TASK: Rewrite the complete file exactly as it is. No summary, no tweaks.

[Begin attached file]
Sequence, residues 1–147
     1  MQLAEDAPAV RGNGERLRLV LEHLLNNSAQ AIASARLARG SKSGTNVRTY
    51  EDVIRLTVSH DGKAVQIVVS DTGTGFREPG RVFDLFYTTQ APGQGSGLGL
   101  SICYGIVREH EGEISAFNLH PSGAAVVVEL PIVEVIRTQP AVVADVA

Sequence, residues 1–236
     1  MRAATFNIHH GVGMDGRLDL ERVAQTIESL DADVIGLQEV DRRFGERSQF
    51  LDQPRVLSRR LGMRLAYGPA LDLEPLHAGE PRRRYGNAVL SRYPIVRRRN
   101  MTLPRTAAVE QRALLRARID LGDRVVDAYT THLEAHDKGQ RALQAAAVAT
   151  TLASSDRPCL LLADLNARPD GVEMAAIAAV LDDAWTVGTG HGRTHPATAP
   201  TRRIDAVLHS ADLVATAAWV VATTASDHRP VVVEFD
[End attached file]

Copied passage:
Sequence, residues 1–147
     1  MQLAEDAPAV RGNGERLRLV LEHLLNNSAQ AIASARLARG SKSGTNVRTY
    51  EDVIRLTVSH DGKAVQIVVS DTGTGFREPG RVFDLFYTTQ APGQGSGLGL
   101  SICYGIVREH EGEISAFNLH PSGAAVVVEL PIVEVIRTQP AVVADVA

Sequence, residues 1–236
     1  MRAATFNIHH GVGMDGRLDL ERVAQTIESL DADVIGLQEV DRRFGERSQF
    51  LDQPRVLSRR LGMRLAYGPA LDLEPLHAGE PRRRYGNAVL SRYPIVRRRN
   101  MTLPRTAAVE QRALLRARID LGDRVVDAYT THLEAHDKGQ RALQAAAVAT
   151  TLASSDRPCL LLADLNARPD GVEMAAIAAV LDDAWTVGTG HGRTHPATAP
   201  TRRIDAVLHS ADLVATAAWV VATTASDHRP VVVEFD